[EDIT: The answer is now a solid, “NO”. There’s no good sake selection that I can find in PGH. As of Spring 2008, the Monroeville store has a lousy selection of sake. I don’t know if it has anything to do with the change in PLCB CEO or if there was a sake expert at that location who has since left.]
… if you count Monroeville as being in Pittsburgh.
Let’s just get one thing out of the way first: the PLCB and state-owned liquor store monopoly needs to be abolished. I’ve never lived in a state where an outdated bureaucracy was allowed to control so much of what the public consumed. The previous CEO of the PLCB seemed to have an idea of how to change things for the better; but thanks to politics he’s been replaced with an inexperienced person who apparently has no desire to improve the PLCB or even continue the previous CEO’s.
Want people to move to Pittsburgh? Fix the PLCB so I don’t have to apologize or explain to visitors why our liquor laws are so insane, why it is so many of us buy wine while we’re out of state, and why I have to buy a full case of beer if I want something out of the ordinary.
So, anyway, sake in Pittsburgh.
If you’ve been to a Japanese restaurant here in Pittsburgh and ordered “sake” off the menu, you had crap. If it had a brand or adjective beside the name, like “nigori sake” or “geikkeikan sake”, you probably payed way, way too much for average sake. If you went to a burger joint and they only listed “beer” on the menu, would you order a “beer”, or would you demand to know what brand it was. If your choices were, “beer $3, Budweiser Beer $5”, would you think “wow, this Budweiser must be the good stuff?” or would you think, “Uh, what?” (The best sushi restaurant in town is BYOB with per-glass charges and no corkage, clearly they understand the situation…)
For those of us who like sake, our choices have been “drink something else” or “BYOB”. Even BYOB is problematic, as most of the PLCB stores don’t carry decent sake. What’s the point in BYOB if what you’re bringing is still crap sake?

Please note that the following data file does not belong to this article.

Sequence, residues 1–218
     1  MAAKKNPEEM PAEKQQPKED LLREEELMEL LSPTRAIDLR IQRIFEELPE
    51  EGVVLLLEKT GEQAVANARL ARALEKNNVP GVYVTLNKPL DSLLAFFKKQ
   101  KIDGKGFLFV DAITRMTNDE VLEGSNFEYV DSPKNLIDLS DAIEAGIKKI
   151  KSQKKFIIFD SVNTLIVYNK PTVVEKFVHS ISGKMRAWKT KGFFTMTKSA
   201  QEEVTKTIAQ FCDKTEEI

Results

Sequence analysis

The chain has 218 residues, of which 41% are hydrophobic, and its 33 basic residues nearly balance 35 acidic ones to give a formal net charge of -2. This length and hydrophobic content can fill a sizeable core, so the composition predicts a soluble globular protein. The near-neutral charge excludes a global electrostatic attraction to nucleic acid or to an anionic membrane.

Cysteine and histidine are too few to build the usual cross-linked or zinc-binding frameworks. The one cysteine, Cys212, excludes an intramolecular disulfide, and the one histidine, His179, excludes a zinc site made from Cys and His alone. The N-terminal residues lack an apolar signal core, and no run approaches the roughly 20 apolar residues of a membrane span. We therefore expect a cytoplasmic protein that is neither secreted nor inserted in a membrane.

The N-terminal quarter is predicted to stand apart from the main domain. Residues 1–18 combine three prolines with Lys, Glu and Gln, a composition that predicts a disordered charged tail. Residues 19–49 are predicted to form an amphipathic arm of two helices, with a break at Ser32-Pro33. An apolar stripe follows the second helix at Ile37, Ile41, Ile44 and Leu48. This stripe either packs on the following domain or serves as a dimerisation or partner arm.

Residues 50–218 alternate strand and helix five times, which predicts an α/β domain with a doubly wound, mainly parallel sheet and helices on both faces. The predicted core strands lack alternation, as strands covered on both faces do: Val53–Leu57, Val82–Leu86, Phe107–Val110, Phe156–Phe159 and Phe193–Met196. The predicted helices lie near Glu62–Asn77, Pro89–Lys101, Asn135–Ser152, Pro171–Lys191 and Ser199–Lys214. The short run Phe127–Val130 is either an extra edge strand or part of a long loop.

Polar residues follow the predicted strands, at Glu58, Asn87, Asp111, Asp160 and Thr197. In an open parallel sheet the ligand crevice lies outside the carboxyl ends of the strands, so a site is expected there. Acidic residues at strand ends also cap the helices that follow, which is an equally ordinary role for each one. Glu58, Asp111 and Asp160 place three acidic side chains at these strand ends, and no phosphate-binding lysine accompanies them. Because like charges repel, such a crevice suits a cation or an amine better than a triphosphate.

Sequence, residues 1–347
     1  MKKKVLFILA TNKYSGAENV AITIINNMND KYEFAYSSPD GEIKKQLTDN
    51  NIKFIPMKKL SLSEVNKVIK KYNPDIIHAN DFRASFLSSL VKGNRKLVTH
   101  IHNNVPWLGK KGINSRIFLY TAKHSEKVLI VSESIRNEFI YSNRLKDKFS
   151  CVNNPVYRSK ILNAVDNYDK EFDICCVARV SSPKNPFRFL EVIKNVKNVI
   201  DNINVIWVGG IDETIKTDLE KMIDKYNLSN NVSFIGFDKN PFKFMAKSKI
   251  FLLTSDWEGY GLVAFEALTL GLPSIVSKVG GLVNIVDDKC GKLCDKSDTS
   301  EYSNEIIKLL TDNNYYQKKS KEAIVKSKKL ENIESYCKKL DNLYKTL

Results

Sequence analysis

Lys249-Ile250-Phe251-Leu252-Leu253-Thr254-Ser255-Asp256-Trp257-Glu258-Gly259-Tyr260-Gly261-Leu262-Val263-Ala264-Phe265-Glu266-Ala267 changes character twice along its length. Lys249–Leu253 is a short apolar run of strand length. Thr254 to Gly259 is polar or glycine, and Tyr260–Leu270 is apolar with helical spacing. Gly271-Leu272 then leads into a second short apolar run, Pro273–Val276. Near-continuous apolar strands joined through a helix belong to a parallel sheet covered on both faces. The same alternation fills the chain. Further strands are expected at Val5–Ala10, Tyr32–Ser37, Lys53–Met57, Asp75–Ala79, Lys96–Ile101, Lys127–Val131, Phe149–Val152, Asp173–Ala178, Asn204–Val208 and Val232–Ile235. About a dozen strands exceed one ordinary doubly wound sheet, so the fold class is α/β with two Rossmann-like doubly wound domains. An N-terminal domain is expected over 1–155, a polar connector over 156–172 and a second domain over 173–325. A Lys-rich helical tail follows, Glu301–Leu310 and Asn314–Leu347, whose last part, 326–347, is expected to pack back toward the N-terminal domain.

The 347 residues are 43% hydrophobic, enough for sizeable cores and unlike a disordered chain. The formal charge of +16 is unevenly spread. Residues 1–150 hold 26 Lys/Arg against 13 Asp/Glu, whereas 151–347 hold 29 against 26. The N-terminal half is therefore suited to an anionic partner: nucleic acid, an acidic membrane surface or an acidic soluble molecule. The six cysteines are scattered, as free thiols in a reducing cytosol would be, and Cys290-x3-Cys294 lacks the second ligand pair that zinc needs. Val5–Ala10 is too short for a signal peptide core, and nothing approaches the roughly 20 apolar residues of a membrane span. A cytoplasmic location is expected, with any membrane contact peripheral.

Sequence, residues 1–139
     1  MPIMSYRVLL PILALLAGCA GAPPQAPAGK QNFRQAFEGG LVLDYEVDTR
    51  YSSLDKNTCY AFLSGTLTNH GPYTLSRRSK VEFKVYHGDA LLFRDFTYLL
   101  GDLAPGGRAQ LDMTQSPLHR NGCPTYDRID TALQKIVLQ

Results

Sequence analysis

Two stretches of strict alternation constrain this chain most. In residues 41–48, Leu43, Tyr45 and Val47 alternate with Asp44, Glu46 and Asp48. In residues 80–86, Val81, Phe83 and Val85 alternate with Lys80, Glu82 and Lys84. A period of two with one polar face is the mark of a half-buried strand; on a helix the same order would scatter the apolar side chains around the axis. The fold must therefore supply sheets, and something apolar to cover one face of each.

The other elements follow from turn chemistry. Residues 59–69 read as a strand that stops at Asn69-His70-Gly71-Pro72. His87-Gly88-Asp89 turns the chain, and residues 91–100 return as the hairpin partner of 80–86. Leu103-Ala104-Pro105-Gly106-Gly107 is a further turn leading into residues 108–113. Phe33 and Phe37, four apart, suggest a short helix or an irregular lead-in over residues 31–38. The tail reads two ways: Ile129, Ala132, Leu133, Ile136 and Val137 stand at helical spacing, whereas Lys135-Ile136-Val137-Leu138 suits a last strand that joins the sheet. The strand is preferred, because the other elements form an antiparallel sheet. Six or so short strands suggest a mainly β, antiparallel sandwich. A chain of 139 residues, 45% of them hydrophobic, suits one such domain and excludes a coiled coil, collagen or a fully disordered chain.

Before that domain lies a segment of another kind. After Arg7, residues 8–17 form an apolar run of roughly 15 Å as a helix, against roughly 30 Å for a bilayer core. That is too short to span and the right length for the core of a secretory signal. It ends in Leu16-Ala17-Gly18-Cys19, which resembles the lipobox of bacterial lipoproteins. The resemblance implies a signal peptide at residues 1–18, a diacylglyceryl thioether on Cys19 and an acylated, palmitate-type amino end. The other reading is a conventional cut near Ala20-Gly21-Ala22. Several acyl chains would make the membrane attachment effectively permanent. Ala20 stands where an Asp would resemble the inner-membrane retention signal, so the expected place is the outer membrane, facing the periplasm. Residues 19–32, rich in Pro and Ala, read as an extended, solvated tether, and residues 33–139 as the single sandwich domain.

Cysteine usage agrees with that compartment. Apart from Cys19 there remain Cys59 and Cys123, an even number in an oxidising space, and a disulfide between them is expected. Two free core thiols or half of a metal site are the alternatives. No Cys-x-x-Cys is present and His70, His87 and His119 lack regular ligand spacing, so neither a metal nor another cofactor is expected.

I’ve found an exception, however, the Monroeville PLCB store at the Monroeville Mall. It is not perfect — for example, they occasionally have undated bottles of very expensive sake, so there’s no telling if it’s gone off or not and none of their sake is chilled so you have to figure out how to cool it on the way to the restaurant or plan in advance and keep it in the fridge. On the other hand, this location carries a lot of premium brands at prices similar to what you’d pay in the next state over. If you want to try a good daiginjo or a proper nigori, this is the place to go. They don’t stock nama (unpasteurized) sake, but given the shipping/handling requirements and the short shelf life, I’m not at all surprised.
If they don’t have it there, your other option is apparently special order via the PLCB. I haven’t tried this yet, but I’ve heard from some friends that it’s not too difficult with wine, so it shouldn’t be too difficult with sake.
And if you have no idea what I’m talking about, hop over to True Sake and take a look at their Learn section. The owner, Beau, has also written an excellent book on sake that can be appreciated both by the neophyte and the purported expert. Sake is a beverage I think many Americans would enjoy if they had a chance to buy good sake and drink it under the appropriate conditions.